The town of Rhuddlan sits in the county of Denbighshire, North Wales. It lies on the banks of the River Clwyd to the east of Abergele, north of St Asaph and to the south of Rhyl. Rhuddlan is renowned for both its Edwardian Castle and the Church of St Mary, both of which stand on the banks of the River Clwyd. Rhuddlan Castle is one of the “Iron Ring of Castles” built by the English King Edward 1 to suppress the Welsh and never fails to impress.
From the west bank of the River Clwyd there are fine views of the castle, the river, and the old church of St Mary's. Moreover, from the west bank it is just a short walk across the bridge and up the hill into the town. At the top of the hill you have the choice of visiting St Mary's Church on your left or bearing right to visit Rhuddlan Castle.
Alternatively bear straight ahead along Rhuddlan High Street; the town of Rhuddlan was laid out at the same time as the castle and 21st century visitors can walk streets that echo this original 13th century plan.
Castles and Forts
Rhuddlan Castle was built between the years of 1277 and 1282 on a site just northwest of an existing Norman motte and bailey castle (Twthill). The building work was originally under the control of a Master Bertram but later came under the control of Master James of St George, renowned for his later work on Edward's castles at Beaumaris, Harlech, Caernarfon, and Conwy. Impressive as the Castle is, I find Edward's determination to conquer all of Britain at any cost even more so. The castle was to be built at Rhuddlan, but the river Clwyd was not navigable for the three miles from the Irish Sea to Rhuddlan and thus did not conform to Edward's strategic plans to be able to reinforce all his fortresses by sea. No problem! Well not to a mediaeval monarch. Edward assembled 1800 ditchers from the Fenlands of England and by straightening and dredging they canalized the River Clwyd from the Irish Sea to Rhuddlan Castle.
In Rhuddlan high street there is a carved stone plaque on the gable wall of the Parliament Building that commemorates the "Statute of Wales,” some times known as the "Statute of Rhuddlan.”
The plaque reads 'This Fragment is the remains of the building where Edward I held his Parliament A.D. 1283 in which was passed the Statute of Rhuddlan securing to the Principality of Wales its judicial rights and independence."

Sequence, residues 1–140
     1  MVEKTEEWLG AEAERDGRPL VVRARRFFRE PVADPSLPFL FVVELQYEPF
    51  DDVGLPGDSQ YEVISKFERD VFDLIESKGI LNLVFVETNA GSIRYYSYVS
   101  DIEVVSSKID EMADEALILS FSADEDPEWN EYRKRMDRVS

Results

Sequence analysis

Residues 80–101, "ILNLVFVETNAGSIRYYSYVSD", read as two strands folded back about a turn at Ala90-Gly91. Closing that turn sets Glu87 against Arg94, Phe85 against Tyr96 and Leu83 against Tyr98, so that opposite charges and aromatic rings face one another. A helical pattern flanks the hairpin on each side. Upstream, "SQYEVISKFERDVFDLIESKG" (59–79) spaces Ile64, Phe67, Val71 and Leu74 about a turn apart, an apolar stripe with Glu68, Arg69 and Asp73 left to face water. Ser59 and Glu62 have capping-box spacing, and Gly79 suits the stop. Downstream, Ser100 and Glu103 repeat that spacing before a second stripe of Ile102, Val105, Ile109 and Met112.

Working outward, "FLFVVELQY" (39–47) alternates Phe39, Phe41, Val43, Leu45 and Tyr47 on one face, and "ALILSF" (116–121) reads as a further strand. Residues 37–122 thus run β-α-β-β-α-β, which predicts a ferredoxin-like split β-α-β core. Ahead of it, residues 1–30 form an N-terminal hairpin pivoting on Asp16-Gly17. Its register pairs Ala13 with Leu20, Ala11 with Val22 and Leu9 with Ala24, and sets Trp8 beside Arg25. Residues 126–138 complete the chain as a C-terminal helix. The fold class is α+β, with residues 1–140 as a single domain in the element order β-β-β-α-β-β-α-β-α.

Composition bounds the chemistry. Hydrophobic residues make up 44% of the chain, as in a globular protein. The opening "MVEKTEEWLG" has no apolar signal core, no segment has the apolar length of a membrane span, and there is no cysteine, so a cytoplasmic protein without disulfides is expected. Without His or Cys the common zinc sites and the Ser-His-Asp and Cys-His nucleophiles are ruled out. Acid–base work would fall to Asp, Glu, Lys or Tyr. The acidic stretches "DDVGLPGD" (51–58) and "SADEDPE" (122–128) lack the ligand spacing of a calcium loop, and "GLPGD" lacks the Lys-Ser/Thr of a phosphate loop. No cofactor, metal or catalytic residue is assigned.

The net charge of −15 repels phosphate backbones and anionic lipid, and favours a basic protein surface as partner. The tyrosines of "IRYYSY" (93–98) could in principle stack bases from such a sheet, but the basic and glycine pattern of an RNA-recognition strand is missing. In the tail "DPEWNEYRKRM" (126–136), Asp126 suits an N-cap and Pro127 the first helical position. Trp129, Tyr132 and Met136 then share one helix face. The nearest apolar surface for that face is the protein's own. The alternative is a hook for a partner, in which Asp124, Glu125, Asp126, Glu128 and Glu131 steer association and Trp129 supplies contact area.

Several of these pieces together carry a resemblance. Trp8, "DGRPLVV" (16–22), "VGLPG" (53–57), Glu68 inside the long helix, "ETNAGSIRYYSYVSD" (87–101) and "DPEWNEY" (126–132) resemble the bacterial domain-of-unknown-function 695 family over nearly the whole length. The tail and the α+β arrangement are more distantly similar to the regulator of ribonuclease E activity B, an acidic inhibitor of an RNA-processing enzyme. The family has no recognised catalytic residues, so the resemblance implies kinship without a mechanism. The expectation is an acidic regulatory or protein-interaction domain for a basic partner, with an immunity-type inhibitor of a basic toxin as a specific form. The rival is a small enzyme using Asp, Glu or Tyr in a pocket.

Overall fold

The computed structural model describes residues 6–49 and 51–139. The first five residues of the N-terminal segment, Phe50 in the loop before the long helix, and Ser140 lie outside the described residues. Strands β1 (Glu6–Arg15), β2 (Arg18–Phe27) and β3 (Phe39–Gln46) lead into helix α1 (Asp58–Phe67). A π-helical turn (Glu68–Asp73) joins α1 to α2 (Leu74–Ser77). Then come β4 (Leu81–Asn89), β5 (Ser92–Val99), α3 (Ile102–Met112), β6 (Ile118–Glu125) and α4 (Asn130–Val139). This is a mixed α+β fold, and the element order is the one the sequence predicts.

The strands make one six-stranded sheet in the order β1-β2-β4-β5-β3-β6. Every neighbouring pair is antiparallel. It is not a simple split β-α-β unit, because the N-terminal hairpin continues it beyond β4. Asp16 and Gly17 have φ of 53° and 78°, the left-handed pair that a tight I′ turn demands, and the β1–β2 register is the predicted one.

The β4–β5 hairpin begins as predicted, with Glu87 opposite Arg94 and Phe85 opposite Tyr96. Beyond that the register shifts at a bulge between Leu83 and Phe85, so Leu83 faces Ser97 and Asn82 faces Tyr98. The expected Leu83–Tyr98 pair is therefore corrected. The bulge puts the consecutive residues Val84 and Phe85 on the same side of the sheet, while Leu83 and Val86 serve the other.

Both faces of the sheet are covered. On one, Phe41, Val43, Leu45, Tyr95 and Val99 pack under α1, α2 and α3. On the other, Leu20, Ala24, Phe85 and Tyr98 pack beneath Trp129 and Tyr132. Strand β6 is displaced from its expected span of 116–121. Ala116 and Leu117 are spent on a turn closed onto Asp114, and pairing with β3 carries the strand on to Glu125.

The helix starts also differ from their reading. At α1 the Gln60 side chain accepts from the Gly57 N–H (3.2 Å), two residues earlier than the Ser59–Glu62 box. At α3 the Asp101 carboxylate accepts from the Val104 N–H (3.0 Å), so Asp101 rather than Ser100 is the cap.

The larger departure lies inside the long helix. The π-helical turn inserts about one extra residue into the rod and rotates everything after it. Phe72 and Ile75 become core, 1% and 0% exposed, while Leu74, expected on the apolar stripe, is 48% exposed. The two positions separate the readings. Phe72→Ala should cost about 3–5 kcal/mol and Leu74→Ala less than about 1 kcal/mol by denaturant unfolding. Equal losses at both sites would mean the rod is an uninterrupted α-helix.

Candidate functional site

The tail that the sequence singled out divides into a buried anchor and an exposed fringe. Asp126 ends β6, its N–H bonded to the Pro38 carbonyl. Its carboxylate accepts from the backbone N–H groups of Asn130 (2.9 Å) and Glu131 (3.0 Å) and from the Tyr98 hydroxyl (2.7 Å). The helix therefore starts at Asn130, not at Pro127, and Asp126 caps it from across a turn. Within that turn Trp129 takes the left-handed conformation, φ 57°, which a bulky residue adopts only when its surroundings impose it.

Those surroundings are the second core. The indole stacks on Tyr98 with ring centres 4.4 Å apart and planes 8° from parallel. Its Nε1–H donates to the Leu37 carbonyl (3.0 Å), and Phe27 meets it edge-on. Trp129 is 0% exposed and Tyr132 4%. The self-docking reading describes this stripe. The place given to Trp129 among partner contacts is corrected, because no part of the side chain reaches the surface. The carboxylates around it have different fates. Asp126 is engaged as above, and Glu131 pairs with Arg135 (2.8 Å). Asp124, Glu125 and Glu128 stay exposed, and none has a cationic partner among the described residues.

The statute was issued by Edward to regulate Welsh affairs and is said by some to be the "first colonial constitution" and by others as a charter protecting the rights and privileges of the Welsh.
Tradition states that it was in Rhuddlan that King Edward, on hearing of the birth of his son at Caernarfon, declared the child "Prince of Wales", thus setting a tradition with the British monarchy that continues to this day.
Walks, Cycle Trails and Other Activities
Walkers will appreciate the landscape around Rhuddlan as it is relatively flat, well compared to the rest of Wales. There are many walks criss-crossing the landscape and the North Wales Path meanders through the town. The Clwydian Way can also be accessed from Rhuddlan.
St Mary's Church: St Mary's Church is an ancient church that sits high and dry on the steep bank of the River Clwyd just a few hundred yards from Rhuddlan Castle. The first church in the Norman Borough of Rhuddlan was built about 1080. A new Parish Church was built in 1301 -and this appears to have consisted of the present south nave of St Marys, with further additions over the next two centuries making the building that is here today. The church celebrated it's 700th. Anniversary in the year of our Lord 2001 and a stained-glass window depicting the Castle, the Church, the Bridge and the River Clwyd was commissioned and installed. The building was substantially restored in 1812 and by George Gilbert Scott in 1870. It has the appearance of a typical 'Clwydian' or double-naved church of the late 15th Century.